The aim of this case study was to compare cyclist drag in the aero position using numerical simulation and a set of analytical procedures. It was hypothesized that in assessing and describing the same phenomenon, a bias might exist between the two techniques.
2. Materials and Methods
An elite male cyclist with 55.0 kg of body mass and 1.72 m of height volunteered to take part in this research. The participant was wearing his competition gear (jersey: 100% polyester; shorts: polyamide, polypropylene and elastane fibers) and time-trial helmet (LAS, Cronometro) and riding a road bicycle (KTM, Revelator Master 2017, 7 kg of mass). All the procedures were in accordance with the Helsinki declaration and informed written consent was obtained beforehand. Approval was granted by the Ethics Committee of the University of Beira Interior under the registration number D1608.
A three-dimensional scan (3D Systems, Inc., Rock Hill, SC, USA) was used to digitize the bicycle and the cyclist. The scanner precision was 0.0009 m (0.9 mm) at a 0.5 m (50 cm) distance, capturing spikes and roughness. The geometry was obtained with the participant in one of the most-used aerodynamic positions . The geometries were edited on the Geomagic Studio software (2013, 3D System, Rock Hill, SC, USA) (Figure 1). In Geomagic, the models were corrected, removing spikes, double faces, merge parts and fill holes. Upon that, an exact organic surface was generated (3D Systems, Rock Hill, SC, USA) and converted into a Computer Aided Design (CAD) model .
An ASUS (ASUS, N751, Taipé, Taiwan) machine running on an Intel processor was used (Core i7 4720HQ 2,6GHz). The Central Process Unit (CPU) had 4 cores and 8 threads, a maximal turbo boost of 3.6 GHz and a speed of 5 GT/s. The computer had 12 Gb of Random Access Memory (RAM) memory and an Solid-State Drive (SSD) hard disk of 256 Gb.
On the Ansys Workbench software (Ansys Fluent 16.0, Ansys Inc., Pennsylvania, PA, USA), three-dimensional frontiers were generated as a domain around the model (domain: 7 m in length, 2.5 m in height and 2.5 m in width; model: placed at 2.5 m distance of the inlet end). The mesh was created with more than 42 million elements . The elements were the volumes in which equations of motion were applied around the geometry [11,13]. The cell size was ~25 µm . The mesh processing time was about 12 h.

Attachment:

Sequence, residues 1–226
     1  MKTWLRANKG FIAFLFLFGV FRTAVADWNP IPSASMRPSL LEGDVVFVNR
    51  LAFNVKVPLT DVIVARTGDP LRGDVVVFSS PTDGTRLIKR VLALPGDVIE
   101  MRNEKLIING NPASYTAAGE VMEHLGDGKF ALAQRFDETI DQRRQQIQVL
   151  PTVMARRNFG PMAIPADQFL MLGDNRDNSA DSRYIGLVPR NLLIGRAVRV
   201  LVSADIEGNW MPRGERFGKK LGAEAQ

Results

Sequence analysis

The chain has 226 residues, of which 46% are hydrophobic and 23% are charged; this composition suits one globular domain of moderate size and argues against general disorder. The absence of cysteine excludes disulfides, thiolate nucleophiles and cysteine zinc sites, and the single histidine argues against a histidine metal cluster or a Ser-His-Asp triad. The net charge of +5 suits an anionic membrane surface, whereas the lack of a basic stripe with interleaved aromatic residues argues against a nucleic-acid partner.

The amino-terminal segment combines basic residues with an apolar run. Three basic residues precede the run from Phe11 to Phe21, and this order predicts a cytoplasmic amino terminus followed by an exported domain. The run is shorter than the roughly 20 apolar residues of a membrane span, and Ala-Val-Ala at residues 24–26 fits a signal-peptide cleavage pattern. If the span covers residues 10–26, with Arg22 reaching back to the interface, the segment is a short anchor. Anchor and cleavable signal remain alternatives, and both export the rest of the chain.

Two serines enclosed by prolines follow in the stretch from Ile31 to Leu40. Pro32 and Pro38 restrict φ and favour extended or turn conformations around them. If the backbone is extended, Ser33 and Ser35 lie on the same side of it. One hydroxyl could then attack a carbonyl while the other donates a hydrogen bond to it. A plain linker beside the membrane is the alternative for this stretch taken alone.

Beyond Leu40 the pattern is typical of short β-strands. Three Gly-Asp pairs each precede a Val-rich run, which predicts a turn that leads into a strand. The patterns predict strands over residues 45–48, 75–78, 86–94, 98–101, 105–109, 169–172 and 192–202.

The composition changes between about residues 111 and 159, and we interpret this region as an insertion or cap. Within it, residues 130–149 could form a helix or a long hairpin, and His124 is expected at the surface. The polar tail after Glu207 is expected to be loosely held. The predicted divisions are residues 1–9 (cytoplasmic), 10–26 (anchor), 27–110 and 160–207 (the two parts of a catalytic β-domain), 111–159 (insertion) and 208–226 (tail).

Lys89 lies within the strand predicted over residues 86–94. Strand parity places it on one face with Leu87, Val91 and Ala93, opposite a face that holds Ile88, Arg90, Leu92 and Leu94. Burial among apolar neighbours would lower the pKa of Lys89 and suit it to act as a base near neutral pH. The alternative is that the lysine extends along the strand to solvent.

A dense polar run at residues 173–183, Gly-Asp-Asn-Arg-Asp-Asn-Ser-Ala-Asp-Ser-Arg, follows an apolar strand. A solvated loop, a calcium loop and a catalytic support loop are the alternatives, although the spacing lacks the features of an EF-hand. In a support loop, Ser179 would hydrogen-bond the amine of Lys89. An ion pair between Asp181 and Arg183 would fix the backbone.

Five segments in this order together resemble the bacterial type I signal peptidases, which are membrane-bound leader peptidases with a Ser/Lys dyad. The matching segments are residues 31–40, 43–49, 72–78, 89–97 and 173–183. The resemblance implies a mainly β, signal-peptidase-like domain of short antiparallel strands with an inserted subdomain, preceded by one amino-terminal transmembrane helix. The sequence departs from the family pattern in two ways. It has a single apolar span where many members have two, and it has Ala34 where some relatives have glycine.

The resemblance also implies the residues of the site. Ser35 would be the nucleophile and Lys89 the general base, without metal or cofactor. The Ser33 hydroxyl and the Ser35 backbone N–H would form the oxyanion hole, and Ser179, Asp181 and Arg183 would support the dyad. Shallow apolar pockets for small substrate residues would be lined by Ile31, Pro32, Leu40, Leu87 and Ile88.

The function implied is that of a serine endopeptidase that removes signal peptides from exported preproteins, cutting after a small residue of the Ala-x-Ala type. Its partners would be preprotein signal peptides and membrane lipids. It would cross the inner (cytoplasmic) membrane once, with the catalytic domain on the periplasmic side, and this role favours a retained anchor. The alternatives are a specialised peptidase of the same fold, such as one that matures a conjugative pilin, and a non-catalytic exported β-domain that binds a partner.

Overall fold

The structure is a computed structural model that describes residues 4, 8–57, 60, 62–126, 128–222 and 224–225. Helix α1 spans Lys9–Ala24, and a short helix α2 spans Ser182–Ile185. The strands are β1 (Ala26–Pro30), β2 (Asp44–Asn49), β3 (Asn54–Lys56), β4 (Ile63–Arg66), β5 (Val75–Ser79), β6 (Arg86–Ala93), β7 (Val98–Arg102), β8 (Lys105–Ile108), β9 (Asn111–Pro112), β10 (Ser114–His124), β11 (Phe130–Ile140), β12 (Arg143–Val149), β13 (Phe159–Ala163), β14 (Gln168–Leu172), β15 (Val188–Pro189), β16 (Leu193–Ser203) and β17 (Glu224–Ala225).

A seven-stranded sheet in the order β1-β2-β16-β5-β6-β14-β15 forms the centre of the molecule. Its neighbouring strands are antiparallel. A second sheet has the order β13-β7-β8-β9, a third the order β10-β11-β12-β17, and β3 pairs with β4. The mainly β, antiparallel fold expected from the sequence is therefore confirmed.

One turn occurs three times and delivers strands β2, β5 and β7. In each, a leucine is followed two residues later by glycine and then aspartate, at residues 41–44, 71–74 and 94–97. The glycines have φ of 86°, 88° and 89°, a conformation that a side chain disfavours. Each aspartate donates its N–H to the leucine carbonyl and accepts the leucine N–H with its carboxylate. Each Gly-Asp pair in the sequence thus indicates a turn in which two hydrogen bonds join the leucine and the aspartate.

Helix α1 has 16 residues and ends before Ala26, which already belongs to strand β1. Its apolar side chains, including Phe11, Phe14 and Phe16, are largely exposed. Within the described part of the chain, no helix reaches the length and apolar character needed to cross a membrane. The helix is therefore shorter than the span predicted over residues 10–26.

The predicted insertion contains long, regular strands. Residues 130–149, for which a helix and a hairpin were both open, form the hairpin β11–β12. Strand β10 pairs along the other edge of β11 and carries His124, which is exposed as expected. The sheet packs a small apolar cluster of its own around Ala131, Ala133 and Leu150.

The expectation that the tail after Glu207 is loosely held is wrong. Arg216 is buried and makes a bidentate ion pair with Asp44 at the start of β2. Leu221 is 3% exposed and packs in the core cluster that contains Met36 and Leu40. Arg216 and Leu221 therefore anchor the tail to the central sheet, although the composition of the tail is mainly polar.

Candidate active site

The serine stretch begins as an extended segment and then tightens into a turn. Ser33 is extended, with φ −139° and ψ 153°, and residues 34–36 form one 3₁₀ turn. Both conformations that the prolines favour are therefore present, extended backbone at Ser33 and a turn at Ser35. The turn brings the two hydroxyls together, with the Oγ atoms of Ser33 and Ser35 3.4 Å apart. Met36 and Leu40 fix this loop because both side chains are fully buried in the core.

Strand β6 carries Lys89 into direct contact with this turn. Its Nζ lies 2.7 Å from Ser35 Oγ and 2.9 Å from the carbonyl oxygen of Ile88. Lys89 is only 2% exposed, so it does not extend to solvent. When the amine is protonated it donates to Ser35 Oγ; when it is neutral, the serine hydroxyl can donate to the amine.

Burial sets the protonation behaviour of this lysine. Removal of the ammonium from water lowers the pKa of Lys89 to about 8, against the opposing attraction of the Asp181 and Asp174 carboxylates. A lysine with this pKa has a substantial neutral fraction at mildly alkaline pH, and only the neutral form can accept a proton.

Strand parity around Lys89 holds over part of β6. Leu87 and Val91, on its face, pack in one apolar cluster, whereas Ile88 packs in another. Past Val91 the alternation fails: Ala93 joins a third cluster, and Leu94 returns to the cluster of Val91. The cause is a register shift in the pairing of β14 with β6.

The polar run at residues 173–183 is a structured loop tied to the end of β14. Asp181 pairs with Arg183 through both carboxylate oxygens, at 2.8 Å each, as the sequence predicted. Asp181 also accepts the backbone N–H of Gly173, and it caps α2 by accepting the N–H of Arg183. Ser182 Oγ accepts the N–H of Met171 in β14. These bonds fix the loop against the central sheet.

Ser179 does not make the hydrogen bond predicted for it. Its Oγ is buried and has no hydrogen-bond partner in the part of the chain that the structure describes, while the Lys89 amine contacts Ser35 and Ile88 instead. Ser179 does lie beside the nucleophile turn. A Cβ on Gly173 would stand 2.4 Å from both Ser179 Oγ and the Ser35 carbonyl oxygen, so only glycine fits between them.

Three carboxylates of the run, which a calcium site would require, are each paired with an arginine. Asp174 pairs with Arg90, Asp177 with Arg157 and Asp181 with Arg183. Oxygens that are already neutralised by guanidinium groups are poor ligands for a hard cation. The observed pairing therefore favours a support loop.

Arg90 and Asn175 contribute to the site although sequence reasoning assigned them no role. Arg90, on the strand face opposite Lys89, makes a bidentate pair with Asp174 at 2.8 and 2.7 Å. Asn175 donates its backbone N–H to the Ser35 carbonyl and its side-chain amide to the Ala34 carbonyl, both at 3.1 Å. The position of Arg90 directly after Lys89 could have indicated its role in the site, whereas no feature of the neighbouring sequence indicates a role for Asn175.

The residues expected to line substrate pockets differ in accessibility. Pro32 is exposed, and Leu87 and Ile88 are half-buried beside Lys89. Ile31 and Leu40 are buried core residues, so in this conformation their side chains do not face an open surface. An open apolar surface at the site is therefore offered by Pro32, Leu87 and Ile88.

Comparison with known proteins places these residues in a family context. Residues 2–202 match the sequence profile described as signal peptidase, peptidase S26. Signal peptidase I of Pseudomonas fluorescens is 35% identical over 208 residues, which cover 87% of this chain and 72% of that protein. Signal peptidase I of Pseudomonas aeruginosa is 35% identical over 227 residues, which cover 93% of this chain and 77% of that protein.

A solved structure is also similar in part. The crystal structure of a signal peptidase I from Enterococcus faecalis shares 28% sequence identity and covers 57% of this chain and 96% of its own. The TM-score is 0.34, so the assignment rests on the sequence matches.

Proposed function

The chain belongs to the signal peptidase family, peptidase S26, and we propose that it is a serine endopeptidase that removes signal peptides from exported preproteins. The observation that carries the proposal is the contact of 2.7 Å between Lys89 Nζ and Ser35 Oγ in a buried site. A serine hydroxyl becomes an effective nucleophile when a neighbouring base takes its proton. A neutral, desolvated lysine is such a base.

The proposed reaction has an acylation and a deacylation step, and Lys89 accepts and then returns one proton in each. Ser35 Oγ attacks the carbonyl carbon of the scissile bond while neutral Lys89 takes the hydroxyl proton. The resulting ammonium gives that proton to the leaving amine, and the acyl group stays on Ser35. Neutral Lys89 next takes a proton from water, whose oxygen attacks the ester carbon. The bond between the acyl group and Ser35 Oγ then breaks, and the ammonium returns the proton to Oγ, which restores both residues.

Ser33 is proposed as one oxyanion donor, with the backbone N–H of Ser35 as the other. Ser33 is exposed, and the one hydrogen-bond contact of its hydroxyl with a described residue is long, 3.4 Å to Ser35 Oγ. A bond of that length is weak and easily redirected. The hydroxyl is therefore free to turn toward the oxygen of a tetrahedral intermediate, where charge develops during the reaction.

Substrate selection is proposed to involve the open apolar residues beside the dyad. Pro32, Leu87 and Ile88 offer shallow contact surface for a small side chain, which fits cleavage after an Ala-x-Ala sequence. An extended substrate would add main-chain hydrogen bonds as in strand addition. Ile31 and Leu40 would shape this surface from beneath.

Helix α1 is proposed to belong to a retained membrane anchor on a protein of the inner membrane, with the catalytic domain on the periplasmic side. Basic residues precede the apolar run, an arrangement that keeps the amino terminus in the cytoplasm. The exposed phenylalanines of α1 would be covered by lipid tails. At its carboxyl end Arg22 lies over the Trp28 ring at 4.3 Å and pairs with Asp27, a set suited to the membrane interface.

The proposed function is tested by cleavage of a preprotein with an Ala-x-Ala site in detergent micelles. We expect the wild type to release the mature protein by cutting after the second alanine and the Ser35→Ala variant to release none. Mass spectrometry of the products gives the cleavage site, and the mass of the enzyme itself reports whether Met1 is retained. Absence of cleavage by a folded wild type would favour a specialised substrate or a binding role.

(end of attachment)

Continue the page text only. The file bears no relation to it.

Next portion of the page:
The numerical simulations to assess drag were run between 1 m/s and 22 m/s, with increments of 1 m/s. Typically, during downhill or sprinting events, cyclists may reach the top speeds selected in this study [17,18]. Thus, each speed was set in the inlet portion of the domain (-z direction). The turbulence intensity was set as 1 × 10%−6%, and the system was set with the scalable walls function. Each computation took about 48 h to reach the simulation’s convergence.
2.4. Numerical Simulations
The Fluent CFD numerical code (Ansys Fluent 16.0, Ansys Inc., Pennsylvania, PA, USA) uses the finite volumes approach method to solve the Reynolds-averaged Navier–Stokes (RANS) equations. For that, a turbulence model is required, and the Realizable k-e was selected. This model was used with low-Reynolds number modelling (LRNM) to deal with the viscosity-affected region. This model presented higher convergence stability in comparison to standard k-e. Moreover, the Realizable k-e turbulence model presented a higher computation economy and velocity histograms very similar to the standard k-e, RST and RNG k-e models [15,18].
For pressure-speed coupling, the SIMPLE algorithm was used. The pressure, convection terms and viscosity were defined as second. The least squares cell-based technique allowed us to compute the gradients. Pressure and moment were defined as second and first order upwind. The turbulence kinetic energy and dissipation rate were set as first order upwind. For all the simulations, an automatic convergence occurred before 1404 interactions (Ansys Fluent 16.0, Ansys Inc., Pennsylvania, PA, USA).
2.5. Analytical Procedures
Drag was computed by Equation (1):
where FD is drag force, ρ is the air density (1.292 kg/m3), A is the surface area, estimated as 0.269 m2 by Equation (2) , and Cd is the drag coefficient, estimated as 0.733 by Equation (3) [12,20]:
where h is the subject height and m the body mass.
2.6. Statistical Analysis
Descriptive statistics, Kolmogorov–Smirnov and Levene’s tests were selected to assess normality and homogeneity. The drag value distributions for the 22 velocities for each method were tested by the Kolmogorov–Smirnov test. The t-test paired samples compared the two methods (CFD vs. analytical procedures) as in previous studies . The Cohen’s d effect size was set as without effect if d < 0.2, moderate effect if 0.8 > d ≥ 0.2 and strong effect if d > 0.5 .